How Sales Operations Pros Can Get the Technology Tools They Want

January 11, 2017 Mark Emmons

Buying stuff ought to be fun, right? Especially when you’re not spending your own money.

But “fun” isn’t a word that most Sales Operations professionals normally associate with purchasing technology solutions. That’s because buying tech tools isn’t like buying new clothes or the latest consumer tech gadget. It’s a long and complicated process, not to mention hard work.

There’s a huge time commitment involved when exploring products and evaluating vendors. There’s pressure to make a smart decision. And the most difficult part can be persuading managers that the solution you’re recommending is the right one for the business.

“It’s probably not our favorite thing to do,” said Christine Maxey, the director of enterprise solutions at LeanData. “I honestly think most Sales Ops people don’t like it because they already have so much else to do. But it’s really important because it’s something that can help you do your job better.”

Helping practitioners do a better job of winning over their colleagues is the idea behind a new eBook: “How to Get What You Want: A Sales Ops Guide to Selling the Value of a Technology Solution in Your Organization.” Maxey details a successful strategy of how Sales Ops professionals can make a convincing argument when they believe their business should purchase a tool.

“The goal is to up-level your internal selling skills,” she said.

The market for sales technology products has exploded in recent years. The result is Sales Ops practitioners are spending more and more time trying to understand what solutions are the best fit to make their companies successful. And one of the emerging challenges is explaining the value proposition of those tools to colleagues.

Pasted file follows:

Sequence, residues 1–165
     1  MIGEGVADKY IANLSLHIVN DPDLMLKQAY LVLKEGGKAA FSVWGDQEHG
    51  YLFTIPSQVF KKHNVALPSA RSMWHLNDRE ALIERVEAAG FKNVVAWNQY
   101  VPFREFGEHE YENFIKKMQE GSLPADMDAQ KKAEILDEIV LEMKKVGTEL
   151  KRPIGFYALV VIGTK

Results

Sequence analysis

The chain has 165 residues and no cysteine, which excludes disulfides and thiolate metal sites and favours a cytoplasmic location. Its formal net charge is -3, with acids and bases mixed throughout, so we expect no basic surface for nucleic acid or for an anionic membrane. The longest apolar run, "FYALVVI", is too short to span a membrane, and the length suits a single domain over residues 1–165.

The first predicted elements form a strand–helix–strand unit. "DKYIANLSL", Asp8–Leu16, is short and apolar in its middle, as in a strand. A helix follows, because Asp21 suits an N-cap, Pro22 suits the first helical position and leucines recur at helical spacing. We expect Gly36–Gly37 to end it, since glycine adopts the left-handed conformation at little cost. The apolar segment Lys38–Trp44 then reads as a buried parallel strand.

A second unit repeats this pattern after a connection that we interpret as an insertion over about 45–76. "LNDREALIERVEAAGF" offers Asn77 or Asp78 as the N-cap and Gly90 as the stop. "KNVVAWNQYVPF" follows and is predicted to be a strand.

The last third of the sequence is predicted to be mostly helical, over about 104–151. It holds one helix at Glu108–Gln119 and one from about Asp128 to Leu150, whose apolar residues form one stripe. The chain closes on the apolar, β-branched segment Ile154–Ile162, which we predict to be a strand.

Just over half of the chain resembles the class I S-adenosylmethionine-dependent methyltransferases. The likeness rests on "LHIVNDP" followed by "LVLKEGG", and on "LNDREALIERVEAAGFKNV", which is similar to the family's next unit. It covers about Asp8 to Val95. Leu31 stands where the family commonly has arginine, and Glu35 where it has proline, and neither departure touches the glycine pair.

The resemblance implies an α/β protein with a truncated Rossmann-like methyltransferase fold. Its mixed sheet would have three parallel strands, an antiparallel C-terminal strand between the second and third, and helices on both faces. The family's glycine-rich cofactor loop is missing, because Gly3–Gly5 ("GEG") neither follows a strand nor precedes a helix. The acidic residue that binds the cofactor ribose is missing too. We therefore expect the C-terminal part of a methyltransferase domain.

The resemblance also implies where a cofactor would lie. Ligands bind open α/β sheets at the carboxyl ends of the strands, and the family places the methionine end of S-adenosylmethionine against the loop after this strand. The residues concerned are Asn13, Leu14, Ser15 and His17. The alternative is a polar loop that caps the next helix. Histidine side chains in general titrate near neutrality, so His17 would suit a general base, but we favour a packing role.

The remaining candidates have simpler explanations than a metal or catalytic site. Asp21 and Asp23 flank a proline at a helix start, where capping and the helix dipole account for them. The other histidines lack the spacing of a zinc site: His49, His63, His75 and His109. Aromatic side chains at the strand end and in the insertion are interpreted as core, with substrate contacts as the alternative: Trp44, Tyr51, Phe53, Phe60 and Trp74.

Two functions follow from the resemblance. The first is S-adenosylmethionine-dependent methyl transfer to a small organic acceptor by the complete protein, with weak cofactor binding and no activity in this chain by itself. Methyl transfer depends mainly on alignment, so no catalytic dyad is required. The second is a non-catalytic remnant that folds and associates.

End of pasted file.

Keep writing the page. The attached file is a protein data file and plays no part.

That’s because no one ever taught Sales Ops how to buy. Maxey is pretty typical. She doesn’t have a background in “carrying the bag.” So selling doesn’t come naturally.

But in her previous position as the lead business analyst and Salesforce administrator at Pivotal Labs, she devised a strategy of creating a strong pitch deck. It helped her present a more compelling case — especially to busy executives who might not be technically oriented.

The tactic allows Maxey to get what she wanted. This eBook is a step-by-step guide where Maxey shows Sales Ops pros how they can do the same. She offers a detailed explanation of her deck and how it can serve as a template for other practitioners.

Highlights include how she emphasizes:

  • The strategy the organization is trying to execute
  • Barriers to success and desired outcomes
  • Solutions considered, including building internally
  • The recommendation pitch
  • The implementation plan

The goal of the eBook is simple. Maxey believes practitioners often struggle to push through their recommendations with internal buying committees. But it doesn’t have to be that way.

“Sales Ops people are naturally about a process and making things easier to accomplish,” Maxey said. “So this is just another example of doing what we do best. It’s about creating a process, iterating on it, and ultimately making our business more successful.”

And this way you can get what you want.

Download the eBook here.

About the Author

Mark Emmons

Mark Emmons is the staff writer at LeanData. He previously was a reporter at the San Jose Mercury News, Orange County Register and Detroit Free Press. He can be reached at

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